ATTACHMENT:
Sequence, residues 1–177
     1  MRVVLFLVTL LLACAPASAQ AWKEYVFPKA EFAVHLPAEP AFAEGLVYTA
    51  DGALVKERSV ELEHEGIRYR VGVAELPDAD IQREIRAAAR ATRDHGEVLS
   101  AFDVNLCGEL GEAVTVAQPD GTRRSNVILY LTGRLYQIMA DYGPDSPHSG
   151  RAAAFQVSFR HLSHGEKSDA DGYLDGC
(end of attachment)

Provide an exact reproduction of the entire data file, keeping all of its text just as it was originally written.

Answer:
Sequence, residues 1–177
     1  MRVVLFLVTL LLACAPASAQ AWKEYVFPKA EFAVHLPAEP AFAEGLVYTA
    51  DGALVKERSV ELEHEGIRYR VGVAELPDAD IQREIRAAAR ATRDHGEVLS
   101  AFDVNLCGEL GEAVTVAQPD GTRRSNVILY LTGRLYQIMA DYGPDSPHSG
   151  RAAAFQVSFR HLSHGEKSDA DGYLDGC